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12 Places you won’t believe are in France!

5 places that are in france

how well do you really know france?

You love France! You’ve been to Paris, visited the Louvre, and taken a picture with the Eiffel Tower in the background. You’ve toured the beaches of Normandy, enjoyed 'apres-skis' in LaPlagne, have a sachet of lavender from Provence in your bathroom, and nonchanlantly strolled down La Promenade Des Anglais. If there ever was someone who can claim the title of Francophile, it's you!


But do you actually know about France?


Let's not beat around the bush here. For better or worse this is is what comes up in people's mind when they think about France:


But people often forget that France has a lot more to offer than just its metropole! With 12 time zones and 2,595 miles of borders with 11 countries, the sun is always shining on French soil.

Below is a list of locations that will make you question your geography (because they're all in France):

Explore deserts...

dune du p

Experience the sheer thrill of exploring majestic desert dunes... and head to the beach bar for a beer afterward. No, this isn't the Sahara desert, his is actually the Dune Du Pilat, Europe's tallest sand dune. It is located in La Teste-de-Buch in the Arcachon Bay area, France, a mere 60 km from Bordeaux. Don't bother packing a water canteen, there are plenty of cafés nearby.

when in rome...


Ah, Rome... Its cafés. Its museums. Its culture. Except it's not Rome. This is the Arena in Nimes. Built around 70 CE, shortly after the Coliseum of Rome, it is one of the best-preserved Roman amphitheatres in the world. One thing is for certain: the Romans knew how to build things to last, since the arena is still in use today.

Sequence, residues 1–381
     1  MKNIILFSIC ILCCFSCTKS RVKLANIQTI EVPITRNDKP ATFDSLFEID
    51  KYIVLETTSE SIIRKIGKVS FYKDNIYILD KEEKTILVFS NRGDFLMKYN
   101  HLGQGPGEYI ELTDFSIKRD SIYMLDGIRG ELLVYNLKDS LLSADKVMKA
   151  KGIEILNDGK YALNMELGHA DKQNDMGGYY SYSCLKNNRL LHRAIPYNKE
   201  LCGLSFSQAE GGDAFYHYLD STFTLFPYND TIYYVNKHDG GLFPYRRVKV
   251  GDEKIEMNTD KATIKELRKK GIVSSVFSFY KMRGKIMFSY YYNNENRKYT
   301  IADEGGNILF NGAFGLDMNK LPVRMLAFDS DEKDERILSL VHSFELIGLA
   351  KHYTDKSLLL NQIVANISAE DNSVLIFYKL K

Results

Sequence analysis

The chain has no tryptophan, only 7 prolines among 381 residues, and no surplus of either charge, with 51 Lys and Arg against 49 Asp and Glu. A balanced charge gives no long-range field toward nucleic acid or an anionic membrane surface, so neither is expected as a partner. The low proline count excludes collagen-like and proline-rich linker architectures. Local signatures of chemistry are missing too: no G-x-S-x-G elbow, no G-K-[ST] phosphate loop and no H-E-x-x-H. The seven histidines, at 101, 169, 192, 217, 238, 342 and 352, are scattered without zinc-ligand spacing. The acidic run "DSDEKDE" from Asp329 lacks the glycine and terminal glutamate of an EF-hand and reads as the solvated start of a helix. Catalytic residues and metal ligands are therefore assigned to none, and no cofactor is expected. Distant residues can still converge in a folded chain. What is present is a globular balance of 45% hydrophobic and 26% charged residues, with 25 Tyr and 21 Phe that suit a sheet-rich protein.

Lobster anyone?

Saint-Pierre at sunrise, Saint Pierre and Miquelon

This sleepy little coastal town could be anywhere in New England. And while it is located off the North American East Coast. it is just as every bit French as St Malo. Welcome to St Pierre & Miquelon, the last remnants of the once gigantic province of New France. One might argue that the little french outpost has more in common with their Canadian neighbours than their fellow citizens, but its population is fiercely protective of their Basque and Breton roots, and the tricolour flag can be seen proudly flying on the townhall tower.

Island adventures

martinique 2

We've all fantasized about waking up to the ocean, surrounded by jungle-covered hills and picture-perfect beaches. If you are French, living it up on an island paradise is simply a case of hopping on a plane and flying to a different part of France. This is Martinique, a tropical haven in the Carribean where croissants and Pina Coladas are both on the menu all year round.

white cliffs


If the sight of these cliffs bring up cravings for tea and homemade scones, don't break out the jar of marmalade just yet because you're on the wrong side of the English Channel. These are the white cliffs of Etretat, in Northern France. According to some geologists, these cliffs as well as Dover's are all that is left of an ancient land bridge that once connected the British Isles to the Continent, and which collapsed during the last Ice Age.

african safari